To wage against the enmity oth'ayre,
To be a Comrade with the Wolfe,and Owle,
Necessities sharpe pinch. Returne with her?
1505Why the hot-bloodiedFrance,that dowerlesse tooke
Our yongest borne, I could as well be brought
To knee his Throne,and Squire-like pension beg,
To keepe base life a foote; returne with her?
Perswade me rather to be slaue and sumpter
1510To this detested groome.
Gon. At your choice Sir.
Lear. I prythee Daughter do not make me mad,
I will not trouble thee my Child;farewell:
Wee'l no more meete,no more see one another.
1515But yet thou art my flesh,my blood,my Daughter,
Or rather a disease that's in my flesh,
Which I must needs call mine. Thou art a Byle,
A plague sore,or imbossed Carbuncle
In my corrupted blood. But Ile not chide thee,
1520Let shame come when it will,I do not call it,
I do not bid the Thunder-bearer shoote,
Nor tell tales of thee to high-iudging Ioue,
Mend when thou can'st,be better at thy leisure,
I can be patient,I can stay with Regan,
1525I and my hundred Knights.
Reg. Not altogether so,
I look'd not for you yet,nor am prouided
For your fit welcome,giue eare Sir to my Sister,
For those that mingle reason with your passion,
1530Must be content to thinke you old,and so,
But she knowes what she doe's.
Lear. Is this well spoken?
Reg. I dare auouch it Sir,what fifty Followers?
Is it not well? What should you need of more?
1535Yea,or so many? Sith that both charge and danger,
Speake 'gainst so great a number? How in one house
Should many people,vnder two commands
Hold amity? 'Tis hard,almost impossible.
Gon. Why might not you my Lord,receiue attendance
1540From those that she cals Seruants,or from mine?
Reg. Why not my Lord?
If then they chanc'd to slacke ye,
We could comptroll them; if you will come to me,
(For now I spie a danger)I entreate you
1545To bring but fiue and twentie,to no more
Will I giue place or notice.
Lear. I gaue you all.
Reg. And in good time you gaue it.
Lear. Made you my Guardians,my Depositaries,
1550But kept a reseruation to be followed
With such a number? What, must I come to you
With fiue and twenty? Regan,said you so?
Reg. And speak't againe my Lord, no more with me.
Lea. Those wicked Creatures yet do look wel fauor'd
1555When others are more wicked,not being the worst
Stands in some ranke of praise,Ile go with thee,
Thy fifty yet doth double fiue and twenty,
And thou art twice her Loue.
Gon. Heare me my Lord;
1560What need you fiue and twenty? Ten? Or fiue?
To follow in a house, where twice so many
Haue a command to tend you?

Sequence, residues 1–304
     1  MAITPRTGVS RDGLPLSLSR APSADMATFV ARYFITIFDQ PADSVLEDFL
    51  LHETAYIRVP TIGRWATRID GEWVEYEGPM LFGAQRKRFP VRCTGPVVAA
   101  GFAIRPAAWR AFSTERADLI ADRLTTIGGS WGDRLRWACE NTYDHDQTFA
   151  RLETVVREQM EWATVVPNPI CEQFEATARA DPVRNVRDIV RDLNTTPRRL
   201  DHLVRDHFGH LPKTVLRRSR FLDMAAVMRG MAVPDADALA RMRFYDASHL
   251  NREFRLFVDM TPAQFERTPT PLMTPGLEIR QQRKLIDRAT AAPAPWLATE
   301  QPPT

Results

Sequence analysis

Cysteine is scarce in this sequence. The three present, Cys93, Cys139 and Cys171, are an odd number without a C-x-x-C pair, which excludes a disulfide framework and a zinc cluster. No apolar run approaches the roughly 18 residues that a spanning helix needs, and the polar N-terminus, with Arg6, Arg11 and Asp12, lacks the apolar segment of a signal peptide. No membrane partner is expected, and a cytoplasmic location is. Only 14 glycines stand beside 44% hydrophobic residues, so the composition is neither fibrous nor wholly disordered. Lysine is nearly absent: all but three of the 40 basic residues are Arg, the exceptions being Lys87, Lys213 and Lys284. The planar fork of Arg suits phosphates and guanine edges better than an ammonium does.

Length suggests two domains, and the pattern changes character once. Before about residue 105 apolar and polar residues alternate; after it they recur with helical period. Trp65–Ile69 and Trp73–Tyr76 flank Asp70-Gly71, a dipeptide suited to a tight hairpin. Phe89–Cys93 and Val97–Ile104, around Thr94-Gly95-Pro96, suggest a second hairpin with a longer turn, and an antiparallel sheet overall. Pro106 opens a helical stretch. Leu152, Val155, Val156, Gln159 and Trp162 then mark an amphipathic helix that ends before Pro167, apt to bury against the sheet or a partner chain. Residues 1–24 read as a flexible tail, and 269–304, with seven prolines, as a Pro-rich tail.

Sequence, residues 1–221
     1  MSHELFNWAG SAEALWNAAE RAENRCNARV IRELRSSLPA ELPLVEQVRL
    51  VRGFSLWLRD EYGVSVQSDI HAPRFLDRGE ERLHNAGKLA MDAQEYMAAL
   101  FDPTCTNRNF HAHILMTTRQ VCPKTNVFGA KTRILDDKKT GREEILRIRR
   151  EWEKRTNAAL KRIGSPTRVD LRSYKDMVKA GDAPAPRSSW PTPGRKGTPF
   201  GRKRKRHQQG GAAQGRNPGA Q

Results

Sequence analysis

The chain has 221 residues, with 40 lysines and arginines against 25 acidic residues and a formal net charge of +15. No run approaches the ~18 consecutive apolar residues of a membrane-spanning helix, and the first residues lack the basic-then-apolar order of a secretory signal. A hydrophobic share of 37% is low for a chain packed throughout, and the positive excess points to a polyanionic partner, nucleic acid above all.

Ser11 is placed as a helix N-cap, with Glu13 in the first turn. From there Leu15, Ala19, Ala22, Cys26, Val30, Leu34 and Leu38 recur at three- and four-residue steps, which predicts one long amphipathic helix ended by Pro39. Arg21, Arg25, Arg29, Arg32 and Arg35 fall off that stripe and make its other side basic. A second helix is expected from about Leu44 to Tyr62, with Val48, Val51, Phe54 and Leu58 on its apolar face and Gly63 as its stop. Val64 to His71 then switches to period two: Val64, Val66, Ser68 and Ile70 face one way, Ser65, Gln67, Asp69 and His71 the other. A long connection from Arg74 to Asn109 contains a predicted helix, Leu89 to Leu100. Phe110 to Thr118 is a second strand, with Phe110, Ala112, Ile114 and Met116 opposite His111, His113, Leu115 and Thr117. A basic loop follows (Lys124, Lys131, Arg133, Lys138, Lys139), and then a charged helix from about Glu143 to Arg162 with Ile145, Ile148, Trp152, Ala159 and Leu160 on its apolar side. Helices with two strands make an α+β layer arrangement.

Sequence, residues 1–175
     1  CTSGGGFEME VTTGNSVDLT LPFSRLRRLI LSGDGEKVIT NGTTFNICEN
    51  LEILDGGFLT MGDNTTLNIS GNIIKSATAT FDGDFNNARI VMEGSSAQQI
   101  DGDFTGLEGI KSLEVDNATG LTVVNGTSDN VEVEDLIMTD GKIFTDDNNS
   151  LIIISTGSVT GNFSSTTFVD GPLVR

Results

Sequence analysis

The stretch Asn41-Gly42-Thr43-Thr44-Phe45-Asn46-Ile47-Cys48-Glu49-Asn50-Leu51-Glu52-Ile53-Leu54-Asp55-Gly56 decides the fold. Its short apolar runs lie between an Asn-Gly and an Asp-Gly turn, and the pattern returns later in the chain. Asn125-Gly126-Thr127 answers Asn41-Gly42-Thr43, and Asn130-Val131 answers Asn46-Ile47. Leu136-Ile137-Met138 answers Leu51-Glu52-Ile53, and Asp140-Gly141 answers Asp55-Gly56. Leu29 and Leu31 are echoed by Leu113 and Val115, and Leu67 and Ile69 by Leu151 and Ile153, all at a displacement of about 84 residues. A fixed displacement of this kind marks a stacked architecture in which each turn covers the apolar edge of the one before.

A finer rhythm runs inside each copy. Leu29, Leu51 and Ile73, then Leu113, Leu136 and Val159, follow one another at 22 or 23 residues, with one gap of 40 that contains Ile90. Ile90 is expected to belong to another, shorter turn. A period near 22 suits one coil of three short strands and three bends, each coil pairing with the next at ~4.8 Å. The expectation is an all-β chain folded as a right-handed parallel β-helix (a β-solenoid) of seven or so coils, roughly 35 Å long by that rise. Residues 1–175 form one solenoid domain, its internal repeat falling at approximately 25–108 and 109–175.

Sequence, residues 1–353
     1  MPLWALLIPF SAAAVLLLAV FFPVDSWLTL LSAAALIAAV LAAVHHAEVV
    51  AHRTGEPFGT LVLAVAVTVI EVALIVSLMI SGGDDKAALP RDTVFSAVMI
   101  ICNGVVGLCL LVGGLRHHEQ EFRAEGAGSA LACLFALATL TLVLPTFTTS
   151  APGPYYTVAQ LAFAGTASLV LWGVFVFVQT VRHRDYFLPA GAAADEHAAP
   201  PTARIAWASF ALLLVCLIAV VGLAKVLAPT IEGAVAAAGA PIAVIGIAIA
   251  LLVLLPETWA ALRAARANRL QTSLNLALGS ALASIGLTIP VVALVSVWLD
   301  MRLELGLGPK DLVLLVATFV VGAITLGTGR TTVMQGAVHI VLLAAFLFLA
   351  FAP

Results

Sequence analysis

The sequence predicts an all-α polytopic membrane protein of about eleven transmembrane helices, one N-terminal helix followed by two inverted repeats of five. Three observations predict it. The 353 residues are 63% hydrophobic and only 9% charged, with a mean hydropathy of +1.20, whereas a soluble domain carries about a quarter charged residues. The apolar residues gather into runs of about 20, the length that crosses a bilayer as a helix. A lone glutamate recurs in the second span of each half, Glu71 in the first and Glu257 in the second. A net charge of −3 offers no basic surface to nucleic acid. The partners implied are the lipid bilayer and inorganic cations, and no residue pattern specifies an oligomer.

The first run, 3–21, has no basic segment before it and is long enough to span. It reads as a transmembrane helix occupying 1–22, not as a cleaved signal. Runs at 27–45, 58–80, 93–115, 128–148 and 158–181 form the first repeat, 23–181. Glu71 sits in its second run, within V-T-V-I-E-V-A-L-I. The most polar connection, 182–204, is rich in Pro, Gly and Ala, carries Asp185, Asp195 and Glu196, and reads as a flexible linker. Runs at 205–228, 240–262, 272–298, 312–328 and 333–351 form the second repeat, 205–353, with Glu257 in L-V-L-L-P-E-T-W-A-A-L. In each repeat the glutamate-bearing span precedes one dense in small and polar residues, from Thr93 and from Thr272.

Reg. What need one?
Lear. O reason not the need: our basest Beggers
1565Are in the poorest thing superfluous.
Allow not Nature,more then Nature needs:
Mans life is cheape as Beastes. Thou art a Lady;
If onely to go warme were gorgeous,
Why Nature needs not what thou gorgeous wear'st,
1570Which scarcely keepes thee warme,but for trueneed:
You Heauens,giue me that patience,patience I need,
You see me heere (you Gods)a poore old man,
As full of griefe as age,wretched in both,
If it be you that stirres these Daughters hearts
1575Against their Father,foole me not so much,
To beare it tamely{ }:touch me with Noble anger,
And let not womens weapons, water drops,
Staine my mans cheekes.No you vnnaturall Hags,
I will haue such reuenges on you both,
1580That all the world shall---I will do such things,
What they are yet,I know not,but they shalbe
The terrors of the earth?you thinke Ile weepe,
No,Ile not weepe,I haue full cause of weeping.
Storme and Tempest.
1585But this heart shal break into a hundred thousand flawes
Or ere Ile weepe; O Foole,I shall go mad.
Corn. Let vs withdraw, 'twill be a Storme.
Reg. This house is little,the old man an'ds people,
Cannot be well bestow'd.
1590Gon. 'Tis his owne blame hath put himselfe from rest,
And must needs taste his folly.
Reg. For his particular,Ile receiue him gladly,
But not one follower.
Gon. So am I purpos'd.
1595Where is my Lord of Gloster?
Enter Gloster.
Corn. Followed the old man forth,he is return'd.
Glo. The King is in high rage.
Corn. Whether is he going?
1600Glo. He cals to Horse,but will I know not whether.
Corn. 'Tis best to giue him way,he leads himselfe.
Gon. My Lord,entreate him by no meanes to stay.
Glo. Alacke the night comes on,and the high windes
Do sorely ruffle,for many Miles about
1605There's scarce a Bush.
Reg. O Sir,to wilfull men,
The iniuries that they themselues procure,
Must be their Schoole-Masters: shut vp your doores,
He is attended with a desperate traine,
1610And what they may incense him too,being apt,
To haue his eare abus'd,wisedome bids feare.
Cor. Shut vp your doores my Lord, 'tis a wil'd night,
My Regan counsels well: come out oth'storme.